Dealing with note attachments
Resources represent files that are embedded within a note. Common resource types include images, audio clips, PDFs, and documents, but any type of file can be stored in a Resouce.
You'll notice that there's no NoteStore.createResource API call. This is because Resources don't exist outside of the context of a specific note. Instead, Resources are created implicitly when you include a new Resource object in a note as part of a call to NoteStore.createNote or NoteStore.updateNote. A note can have zero or more resources attached to it, with each resource containing the binary contents of the file and a set of optional metadata attributes such as the filename.
A resource is attached to a note by including it in the Note.resources list and referencing the resource from the note's ENML content using an <en-media> tag. Although it's technically possible to add a resource to Note.resources without including a corresponding <en-media> tag, there's no way for a user to view such a resource from an Evernote client app, and there's no guarantee that apps won't remove these "orphaned" resources.
See the chapter Creating notes for an example of how to create a new resource attached to a note.
All Evernote client apps are capable of rendering image resources inline when displaying a note. Other resource types are displayed differently depending on the specific client that's displaying the note. For example, some clients will render a PDF in-line, while others will show a PDF icon that can be opened in an external viewer. Almost all Evernote client apps can display or allow the user to open the following basic set of resource types:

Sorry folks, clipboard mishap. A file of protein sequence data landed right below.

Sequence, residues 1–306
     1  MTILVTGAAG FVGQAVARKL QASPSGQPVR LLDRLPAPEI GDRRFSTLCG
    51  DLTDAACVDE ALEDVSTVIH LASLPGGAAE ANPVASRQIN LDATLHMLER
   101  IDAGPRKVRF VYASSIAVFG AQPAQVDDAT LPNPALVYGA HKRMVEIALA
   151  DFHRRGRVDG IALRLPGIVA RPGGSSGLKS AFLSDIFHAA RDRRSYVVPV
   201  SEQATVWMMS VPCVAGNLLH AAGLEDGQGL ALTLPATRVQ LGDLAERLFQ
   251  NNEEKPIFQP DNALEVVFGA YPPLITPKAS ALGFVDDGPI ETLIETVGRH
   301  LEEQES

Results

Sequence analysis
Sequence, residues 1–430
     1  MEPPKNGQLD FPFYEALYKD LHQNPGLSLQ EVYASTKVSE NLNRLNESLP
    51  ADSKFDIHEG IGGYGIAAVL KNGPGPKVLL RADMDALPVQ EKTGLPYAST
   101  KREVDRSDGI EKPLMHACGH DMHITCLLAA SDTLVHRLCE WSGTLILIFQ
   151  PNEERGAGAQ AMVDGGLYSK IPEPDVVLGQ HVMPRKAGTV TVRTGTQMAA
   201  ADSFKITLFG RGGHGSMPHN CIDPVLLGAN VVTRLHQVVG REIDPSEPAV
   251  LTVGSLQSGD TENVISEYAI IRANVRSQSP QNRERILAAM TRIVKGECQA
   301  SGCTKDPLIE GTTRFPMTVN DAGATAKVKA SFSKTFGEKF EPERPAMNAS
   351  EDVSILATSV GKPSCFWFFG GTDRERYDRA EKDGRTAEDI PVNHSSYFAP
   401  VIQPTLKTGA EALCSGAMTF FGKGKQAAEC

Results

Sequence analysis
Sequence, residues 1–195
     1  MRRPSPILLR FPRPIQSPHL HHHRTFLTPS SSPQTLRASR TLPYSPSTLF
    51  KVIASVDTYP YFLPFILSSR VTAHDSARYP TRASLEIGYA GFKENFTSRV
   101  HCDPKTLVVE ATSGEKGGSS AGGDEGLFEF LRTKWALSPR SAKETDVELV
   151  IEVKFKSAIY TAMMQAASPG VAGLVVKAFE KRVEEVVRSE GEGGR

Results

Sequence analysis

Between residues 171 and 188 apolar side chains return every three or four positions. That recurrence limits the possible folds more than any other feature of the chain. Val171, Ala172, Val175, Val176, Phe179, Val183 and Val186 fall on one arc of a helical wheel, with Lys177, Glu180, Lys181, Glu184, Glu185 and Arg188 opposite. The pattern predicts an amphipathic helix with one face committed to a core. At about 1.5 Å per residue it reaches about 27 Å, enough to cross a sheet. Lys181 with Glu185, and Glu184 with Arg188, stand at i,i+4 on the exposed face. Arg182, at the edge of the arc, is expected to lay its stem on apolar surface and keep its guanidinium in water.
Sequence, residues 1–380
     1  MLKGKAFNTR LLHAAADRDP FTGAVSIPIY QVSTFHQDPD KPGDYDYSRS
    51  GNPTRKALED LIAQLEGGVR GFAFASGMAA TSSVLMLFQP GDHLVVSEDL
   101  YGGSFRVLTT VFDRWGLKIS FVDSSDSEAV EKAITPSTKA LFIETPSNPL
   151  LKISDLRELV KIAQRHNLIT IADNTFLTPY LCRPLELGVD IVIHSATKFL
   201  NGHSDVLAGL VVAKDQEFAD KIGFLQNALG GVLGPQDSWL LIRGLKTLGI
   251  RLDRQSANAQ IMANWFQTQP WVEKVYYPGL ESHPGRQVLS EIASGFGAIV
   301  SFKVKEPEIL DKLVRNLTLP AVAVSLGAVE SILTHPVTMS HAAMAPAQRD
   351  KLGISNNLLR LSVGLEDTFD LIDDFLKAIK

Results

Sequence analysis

Other resource types, such as documents, are typically displayed as a file icon. If there is an external application that is capable of opening the file type, it will be invoked when the user chooses to open the file.
When you get a note through the Cloud API, it will contain the list of resources that are attached to that note. If you obtain the note using NoteStore.findNotes or NoteStore.findNotesMetadata, the note will contain only the resource metadata and not the actual binary file data. If you obtain the note using NoteStore.getNote, you can control whether the note that is returned contains the binary file data using the 'withResourcesData' parameter. If you have a note that contains only the Resource metadata, you can fetch the binary file data in two ways.
Downloading a resource through the API
To retrieve the full resource through the Cloud API, simply call NoteStore.getResource with the 'withData' field set to true:
It's important to note that filename is an optional resource attribute - some resources may not have a filename set.
Downloading a resource directly from the web
There's one serious catch to using the Cloud API to fetch resource data: the full file contents are downloaded to memory and can't easily be streamed. You can avoid this issue by requesting the resource direclty from the Evernote service via an HTTP POST request. You'll first need to grab the
webApiUrlPrefix value (which is returned with the OAuth response as well as by calling
/res/[resource GUID] to
webApiUrlPrefix and you'll have the full URL of the resource:
This is the preferred method for constructing resource requests; those built this way will be forward-compatible.
The authentication token must be passed in order to access a resource that is not in a public shared notebook. The token is passed in a URL-encoded POST parameter named
auth. Here's how the authenticated POST request for the resource with GUID 8528dddd-1d71-4e4d-9006-377be7517dfb looks: